Back in the Saddle
They were lucky they’d managed to get one of the tables with parasols. The Miami sun was showing no quarter today and the beach crowd was cramming the café to capacity.
“Oh relax,” Rita told Tim. “She’s a pharmacy technician, which means she has to have some brains.”
“I guess,” said Tim with a shrug.
Tim’s hair was starting to thin, and he was about twenty pounds overweight, but Rita believed that most of his trouble with women was his defeatist attitude, thinking he was going through "manopause." The poor guy never would have signed up for the dating site if not for Rita. Confidence came easily to Rita. She was buxom and redheaded, she could work the color purple without letting it take over her wardrobe, and she was good at making men laugh, sometimes just with an expression or the infectious power of her own laughter.
EuroGirlEva showed up about fifteen minutes late, which is almost suspiciously early in Miami-Time. Eva’s hair was a struck match, flicking where the wind went. Troublingly, she was even skinnier than she’d looked in her picture from the dating site, her clavicle sticking out from her V-neck like a wishbone that might snap at a nudge. But at least she had the same big white smile, and when she sat down she leaned forward, closing up much of the distance between her and Tim.
Very promising, Rita thought.
Eva didn’t seem to mind Rita being there, but then she’d probably expected Rita’s presence, seeing as she’d been the one to coordinate the date over email. In her lovely, unplaceable accent, Eva recounted to both of them her latest trip to Dubrovnik—the next, next Prague, as she called it—but when it came to asking questions, they were all for Tim.
“Where did you go to college, Tim?” she asked.
“He got his B.A. from Youngstown State in Ohio, and his MBA from UT Austin,” Rita told her, while Tim just nodded.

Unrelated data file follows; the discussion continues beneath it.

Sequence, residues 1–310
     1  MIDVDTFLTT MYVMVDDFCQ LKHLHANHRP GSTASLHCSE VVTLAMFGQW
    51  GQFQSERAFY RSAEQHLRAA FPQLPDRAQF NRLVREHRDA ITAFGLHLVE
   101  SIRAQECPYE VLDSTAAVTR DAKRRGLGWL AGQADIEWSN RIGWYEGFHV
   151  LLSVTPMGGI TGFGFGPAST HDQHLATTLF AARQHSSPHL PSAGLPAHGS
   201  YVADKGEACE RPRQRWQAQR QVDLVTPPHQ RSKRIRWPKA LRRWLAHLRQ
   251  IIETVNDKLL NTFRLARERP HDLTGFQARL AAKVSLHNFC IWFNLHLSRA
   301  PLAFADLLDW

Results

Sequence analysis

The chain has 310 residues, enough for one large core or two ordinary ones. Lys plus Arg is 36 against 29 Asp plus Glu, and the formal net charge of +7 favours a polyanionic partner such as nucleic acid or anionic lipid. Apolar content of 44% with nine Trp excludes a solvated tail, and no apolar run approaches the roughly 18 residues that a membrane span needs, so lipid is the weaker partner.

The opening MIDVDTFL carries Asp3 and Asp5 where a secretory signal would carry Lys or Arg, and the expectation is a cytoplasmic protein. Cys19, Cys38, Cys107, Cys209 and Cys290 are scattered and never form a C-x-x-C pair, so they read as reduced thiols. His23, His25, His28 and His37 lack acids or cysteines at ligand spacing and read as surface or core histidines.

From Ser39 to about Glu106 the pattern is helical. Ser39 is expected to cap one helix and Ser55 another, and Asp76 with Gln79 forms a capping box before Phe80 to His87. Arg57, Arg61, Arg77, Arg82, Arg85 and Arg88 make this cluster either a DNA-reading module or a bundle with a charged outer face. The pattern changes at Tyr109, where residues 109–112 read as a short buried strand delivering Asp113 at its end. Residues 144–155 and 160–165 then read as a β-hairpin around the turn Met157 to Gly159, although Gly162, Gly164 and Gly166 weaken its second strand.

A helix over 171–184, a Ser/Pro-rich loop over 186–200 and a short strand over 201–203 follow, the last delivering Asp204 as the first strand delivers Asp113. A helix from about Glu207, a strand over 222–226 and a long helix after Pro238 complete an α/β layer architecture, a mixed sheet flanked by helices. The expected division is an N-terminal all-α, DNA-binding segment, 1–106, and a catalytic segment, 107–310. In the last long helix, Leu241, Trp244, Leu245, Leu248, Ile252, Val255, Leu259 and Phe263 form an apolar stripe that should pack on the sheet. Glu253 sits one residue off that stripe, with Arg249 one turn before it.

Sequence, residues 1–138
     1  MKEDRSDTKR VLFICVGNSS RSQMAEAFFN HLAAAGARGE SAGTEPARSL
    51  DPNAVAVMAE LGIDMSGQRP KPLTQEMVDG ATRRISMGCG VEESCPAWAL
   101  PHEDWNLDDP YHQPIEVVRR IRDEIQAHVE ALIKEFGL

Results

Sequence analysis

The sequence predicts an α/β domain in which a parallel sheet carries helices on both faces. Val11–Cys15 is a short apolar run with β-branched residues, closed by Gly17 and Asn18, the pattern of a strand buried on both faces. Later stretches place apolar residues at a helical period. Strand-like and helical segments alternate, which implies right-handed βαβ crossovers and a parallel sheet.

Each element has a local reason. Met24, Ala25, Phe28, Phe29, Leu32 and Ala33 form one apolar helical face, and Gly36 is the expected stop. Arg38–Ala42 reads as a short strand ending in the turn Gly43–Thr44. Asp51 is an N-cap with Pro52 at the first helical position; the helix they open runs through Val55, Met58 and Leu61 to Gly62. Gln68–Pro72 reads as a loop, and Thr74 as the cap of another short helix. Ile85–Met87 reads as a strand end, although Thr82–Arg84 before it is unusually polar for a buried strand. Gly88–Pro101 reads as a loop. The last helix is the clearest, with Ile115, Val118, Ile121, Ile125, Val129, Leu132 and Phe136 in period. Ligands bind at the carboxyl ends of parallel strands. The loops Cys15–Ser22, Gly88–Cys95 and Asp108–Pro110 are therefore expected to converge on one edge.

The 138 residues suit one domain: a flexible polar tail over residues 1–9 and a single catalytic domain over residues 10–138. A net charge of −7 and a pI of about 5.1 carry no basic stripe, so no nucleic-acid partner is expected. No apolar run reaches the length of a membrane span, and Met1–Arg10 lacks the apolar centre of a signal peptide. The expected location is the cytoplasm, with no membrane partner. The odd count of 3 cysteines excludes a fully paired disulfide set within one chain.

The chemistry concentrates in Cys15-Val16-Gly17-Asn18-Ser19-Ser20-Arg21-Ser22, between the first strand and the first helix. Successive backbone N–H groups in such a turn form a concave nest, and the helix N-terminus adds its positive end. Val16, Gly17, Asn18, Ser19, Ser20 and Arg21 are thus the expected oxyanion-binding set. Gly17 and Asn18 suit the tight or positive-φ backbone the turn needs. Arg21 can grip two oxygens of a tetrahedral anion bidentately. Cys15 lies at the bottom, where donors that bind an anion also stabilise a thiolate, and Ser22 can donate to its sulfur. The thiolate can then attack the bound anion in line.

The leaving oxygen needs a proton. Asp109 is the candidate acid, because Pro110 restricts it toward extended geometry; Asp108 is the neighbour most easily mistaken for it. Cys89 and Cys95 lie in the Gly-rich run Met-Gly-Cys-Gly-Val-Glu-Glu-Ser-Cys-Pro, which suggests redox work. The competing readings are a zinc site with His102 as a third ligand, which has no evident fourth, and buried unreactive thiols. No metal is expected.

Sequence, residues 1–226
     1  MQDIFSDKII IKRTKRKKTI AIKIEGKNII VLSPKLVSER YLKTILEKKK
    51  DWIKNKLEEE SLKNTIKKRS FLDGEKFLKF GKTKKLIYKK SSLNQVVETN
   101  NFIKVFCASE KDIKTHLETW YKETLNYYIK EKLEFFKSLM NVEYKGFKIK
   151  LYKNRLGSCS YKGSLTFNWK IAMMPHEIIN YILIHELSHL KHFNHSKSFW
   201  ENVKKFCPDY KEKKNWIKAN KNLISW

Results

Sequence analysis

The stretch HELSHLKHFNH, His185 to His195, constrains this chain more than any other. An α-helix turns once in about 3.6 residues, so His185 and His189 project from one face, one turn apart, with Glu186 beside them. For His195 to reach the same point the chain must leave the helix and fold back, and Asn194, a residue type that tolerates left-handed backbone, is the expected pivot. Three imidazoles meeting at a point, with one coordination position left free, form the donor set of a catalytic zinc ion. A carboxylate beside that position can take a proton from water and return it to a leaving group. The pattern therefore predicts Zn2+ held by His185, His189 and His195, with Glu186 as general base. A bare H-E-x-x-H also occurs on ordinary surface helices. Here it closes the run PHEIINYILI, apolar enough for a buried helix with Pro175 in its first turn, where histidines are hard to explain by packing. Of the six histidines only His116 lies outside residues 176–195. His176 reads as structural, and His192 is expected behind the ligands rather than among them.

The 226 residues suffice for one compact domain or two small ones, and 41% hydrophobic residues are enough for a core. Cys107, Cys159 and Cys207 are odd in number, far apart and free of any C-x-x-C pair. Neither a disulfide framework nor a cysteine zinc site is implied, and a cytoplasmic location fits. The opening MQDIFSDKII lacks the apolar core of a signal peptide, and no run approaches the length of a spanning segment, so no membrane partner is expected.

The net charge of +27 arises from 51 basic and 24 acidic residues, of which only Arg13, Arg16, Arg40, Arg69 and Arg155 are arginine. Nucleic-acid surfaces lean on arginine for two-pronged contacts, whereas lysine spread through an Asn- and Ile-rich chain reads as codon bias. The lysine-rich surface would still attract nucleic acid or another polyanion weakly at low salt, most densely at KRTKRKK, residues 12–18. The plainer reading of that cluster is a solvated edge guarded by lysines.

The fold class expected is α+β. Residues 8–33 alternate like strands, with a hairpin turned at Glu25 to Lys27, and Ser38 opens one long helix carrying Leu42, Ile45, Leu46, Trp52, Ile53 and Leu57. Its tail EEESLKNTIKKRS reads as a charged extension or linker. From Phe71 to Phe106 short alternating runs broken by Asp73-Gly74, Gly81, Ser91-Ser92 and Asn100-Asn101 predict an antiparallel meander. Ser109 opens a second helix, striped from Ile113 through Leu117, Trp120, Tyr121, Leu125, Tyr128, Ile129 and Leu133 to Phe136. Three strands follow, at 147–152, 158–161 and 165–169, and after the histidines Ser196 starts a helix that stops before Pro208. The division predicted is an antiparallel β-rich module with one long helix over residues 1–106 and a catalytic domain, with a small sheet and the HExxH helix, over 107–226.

“Are you an entrepreneur?” Eva asked.
“He runs an online company that makes and ships fiberglass replicas of trophy fish,” said Rita. “High profit margins,” she added.
“For fishermen?” Eva asked, not even glancing at Rita.
“No, for people who want other people to think they’re fishermen,” Rita said.
This went on for a little while before Eva started to show signs of irritation. “Why do you let her speak for you all the time?” she asked, tugging on Tim’s elbow.
“He’s a sweet guy,” Rita said. “He’s just what you’d call a human doormat.”
“Stop answering for him and let him speak,” Eva snapped. “Tim, is it true what she says? I want to hear it from your own mouth.”
With both women now staring at him, Tim swallowed. Then opened his mouth. “Yeah,” he said. “It’s why Rita divorced me.”
About the author:
Jonathan Louis Duckworth is a current MFA student at Florida International University in Miami, where he works as a teaching assistant. He also serves as a reader and copy-editor for the Gulf Stream Literary Magazine. His work appears in or is set to appear in Sliver of Stone Magazine, Mount Island Magazine, The Kudzu Review, and Hermeneutic Chaos Literary Journal.